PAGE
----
December 2011 Time Capsule

December 2011 Time Capsule

The Spiritualist movement, in one woman's own words.

Summoning the Spirits

On the night of the first disturbance we all got up, lighted a candle and searched the entire house, the noises continuing during the time, and being heard near the same place. Although not very loud, it produced a jar of the bedsteads and chairs that could be felt when we were in bed. It was a tremendous motion, more than a sudden jar. We could feel the jar when standing on the floor. It continued on this night until we slept. I did not sleep until about twelve o’clock. On March 30th we were disturbed all night. The noises were heard in all parts of the house. My husband stationed himself outside of the door while I stood inside, and the knocks came on the door between us. We heard footsteps in the pantry, and walking downstairs; we could not rest, and I then concluded that the house must be haunted by some unhappy restless spirit. I had often heard of such things, but had never witnessed anything of the kind that I could not account for before.

The roots of Spiritualism in the United States trace back to sisters Margaretta, Kate and Leah Fox, whose mother, Margaret, made this April 11, 1848, account of the famous “Hydesville Rappings” (later revealed to be a hoax). Although Spiritualism didn’t begin as a religion, it evolved into one, and it involved more than just parlor games with Ouija boards and séances. Spiritualism spread throughout the country in the mid-1800s, mostly in the Northeast and Midwest and among the middle and upper classes. By 1855, Spiritualism had 2 million followers. Famous Spiritualists include Elizabeth Cady Stanton, Harriet Beecher Stowe, Horace Greely and Arthur Conan Doyle. Spiritualism continues to thrive in America, the largest organization being the National Spiritualist Association of Churches of the United States of America.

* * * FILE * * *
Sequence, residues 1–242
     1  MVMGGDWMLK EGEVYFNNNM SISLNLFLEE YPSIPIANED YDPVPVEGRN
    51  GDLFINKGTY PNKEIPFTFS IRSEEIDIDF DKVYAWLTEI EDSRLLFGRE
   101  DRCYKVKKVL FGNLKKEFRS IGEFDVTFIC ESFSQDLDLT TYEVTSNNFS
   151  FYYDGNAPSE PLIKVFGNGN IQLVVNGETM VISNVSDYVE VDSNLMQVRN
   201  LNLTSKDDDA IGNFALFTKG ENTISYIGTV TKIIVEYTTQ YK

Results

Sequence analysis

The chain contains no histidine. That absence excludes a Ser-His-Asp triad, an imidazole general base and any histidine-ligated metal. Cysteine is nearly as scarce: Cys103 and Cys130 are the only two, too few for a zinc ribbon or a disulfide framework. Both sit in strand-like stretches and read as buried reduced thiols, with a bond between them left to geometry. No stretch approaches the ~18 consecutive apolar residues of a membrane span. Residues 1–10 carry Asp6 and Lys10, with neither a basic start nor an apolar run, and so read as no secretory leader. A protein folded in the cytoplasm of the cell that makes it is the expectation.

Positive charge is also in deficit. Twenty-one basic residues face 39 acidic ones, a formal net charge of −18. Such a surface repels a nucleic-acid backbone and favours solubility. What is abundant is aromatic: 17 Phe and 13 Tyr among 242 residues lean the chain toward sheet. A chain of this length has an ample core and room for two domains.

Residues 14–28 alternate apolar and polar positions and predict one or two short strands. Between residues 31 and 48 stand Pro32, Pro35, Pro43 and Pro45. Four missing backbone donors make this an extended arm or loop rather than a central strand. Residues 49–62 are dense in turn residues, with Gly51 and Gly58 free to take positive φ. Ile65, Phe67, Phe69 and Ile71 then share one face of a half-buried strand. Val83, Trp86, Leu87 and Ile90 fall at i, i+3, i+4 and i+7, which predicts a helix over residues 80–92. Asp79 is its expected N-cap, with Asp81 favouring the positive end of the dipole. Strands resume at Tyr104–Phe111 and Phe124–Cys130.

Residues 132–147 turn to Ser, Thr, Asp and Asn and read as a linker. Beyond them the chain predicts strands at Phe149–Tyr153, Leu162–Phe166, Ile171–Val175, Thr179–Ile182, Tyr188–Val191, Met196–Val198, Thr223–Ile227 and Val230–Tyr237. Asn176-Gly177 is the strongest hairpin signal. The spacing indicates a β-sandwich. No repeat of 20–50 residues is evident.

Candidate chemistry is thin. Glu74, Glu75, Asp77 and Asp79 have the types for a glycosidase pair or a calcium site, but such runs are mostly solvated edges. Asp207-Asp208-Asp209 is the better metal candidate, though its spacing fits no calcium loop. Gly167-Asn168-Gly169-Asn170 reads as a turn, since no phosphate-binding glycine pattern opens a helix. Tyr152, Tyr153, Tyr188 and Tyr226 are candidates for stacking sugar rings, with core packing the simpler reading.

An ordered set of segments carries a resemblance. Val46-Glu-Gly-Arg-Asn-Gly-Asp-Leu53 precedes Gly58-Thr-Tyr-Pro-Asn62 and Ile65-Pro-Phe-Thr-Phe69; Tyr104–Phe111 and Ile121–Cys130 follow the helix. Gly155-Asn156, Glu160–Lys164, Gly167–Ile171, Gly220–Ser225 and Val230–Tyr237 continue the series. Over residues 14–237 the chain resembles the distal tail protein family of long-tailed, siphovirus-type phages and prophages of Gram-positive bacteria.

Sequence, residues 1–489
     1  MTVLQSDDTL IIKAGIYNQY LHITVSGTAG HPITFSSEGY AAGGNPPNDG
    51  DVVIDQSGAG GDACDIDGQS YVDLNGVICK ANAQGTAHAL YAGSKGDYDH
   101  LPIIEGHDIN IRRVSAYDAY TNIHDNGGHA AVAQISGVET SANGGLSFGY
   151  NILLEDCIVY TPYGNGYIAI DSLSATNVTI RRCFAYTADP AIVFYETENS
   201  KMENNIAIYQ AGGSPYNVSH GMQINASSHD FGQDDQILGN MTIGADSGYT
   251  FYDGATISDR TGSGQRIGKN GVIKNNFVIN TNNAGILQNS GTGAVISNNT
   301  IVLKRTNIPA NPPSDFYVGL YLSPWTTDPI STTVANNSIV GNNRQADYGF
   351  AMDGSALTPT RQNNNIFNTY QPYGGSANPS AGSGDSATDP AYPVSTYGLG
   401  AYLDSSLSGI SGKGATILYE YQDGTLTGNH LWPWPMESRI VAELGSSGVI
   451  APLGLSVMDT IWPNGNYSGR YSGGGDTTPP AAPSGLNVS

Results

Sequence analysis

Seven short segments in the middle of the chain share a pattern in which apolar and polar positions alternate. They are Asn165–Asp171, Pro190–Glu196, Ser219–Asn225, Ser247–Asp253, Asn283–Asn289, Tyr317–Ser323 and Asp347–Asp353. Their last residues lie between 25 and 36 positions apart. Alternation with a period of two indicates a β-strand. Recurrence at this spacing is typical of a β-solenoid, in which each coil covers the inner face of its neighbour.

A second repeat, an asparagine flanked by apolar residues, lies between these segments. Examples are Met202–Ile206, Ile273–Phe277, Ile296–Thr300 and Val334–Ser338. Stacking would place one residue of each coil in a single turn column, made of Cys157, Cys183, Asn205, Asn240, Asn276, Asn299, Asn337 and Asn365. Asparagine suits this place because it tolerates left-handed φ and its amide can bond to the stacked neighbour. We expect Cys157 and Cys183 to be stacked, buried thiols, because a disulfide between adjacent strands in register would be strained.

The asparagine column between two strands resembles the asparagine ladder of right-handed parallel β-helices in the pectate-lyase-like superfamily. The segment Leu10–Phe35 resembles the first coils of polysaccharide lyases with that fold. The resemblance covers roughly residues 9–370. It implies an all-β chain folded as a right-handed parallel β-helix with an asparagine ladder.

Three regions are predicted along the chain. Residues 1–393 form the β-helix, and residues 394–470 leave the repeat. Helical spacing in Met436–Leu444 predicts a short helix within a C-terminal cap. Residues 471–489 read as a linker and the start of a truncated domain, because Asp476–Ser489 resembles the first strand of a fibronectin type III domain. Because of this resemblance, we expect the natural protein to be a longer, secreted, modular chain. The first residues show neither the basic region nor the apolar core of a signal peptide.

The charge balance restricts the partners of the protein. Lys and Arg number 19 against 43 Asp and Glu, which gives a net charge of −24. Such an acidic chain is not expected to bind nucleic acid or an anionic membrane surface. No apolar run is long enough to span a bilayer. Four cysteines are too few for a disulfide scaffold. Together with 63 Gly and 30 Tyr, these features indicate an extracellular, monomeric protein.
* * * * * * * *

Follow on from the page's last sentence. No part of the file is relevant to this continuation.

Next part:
Could you have a Spiritualist in your family history? Quakers and members of the Universalist church tended to gravitate toward Spiritualism, as did women from all faiths. Both Christians and non-Christians became Spiritualists.
As with any religion, historical records for Spiritualist churches might still exist. Some places to check for records are the American Antiquarian Society and the Library of Congress, both of which have large collections of Spiritualist materials. Also look into Spiritualist communities and camps such as the Lily Dale camp in Chautauqua County, NY, the Cassadaga Spiritualist Camp in Volusia County, Fla., and the New England Spiritualist Camp Meeting Association in Lake Pleasant, Mass. You can google these locations and Spiritualism for more information.

From the December 2011 issue of Family Tree Magazine

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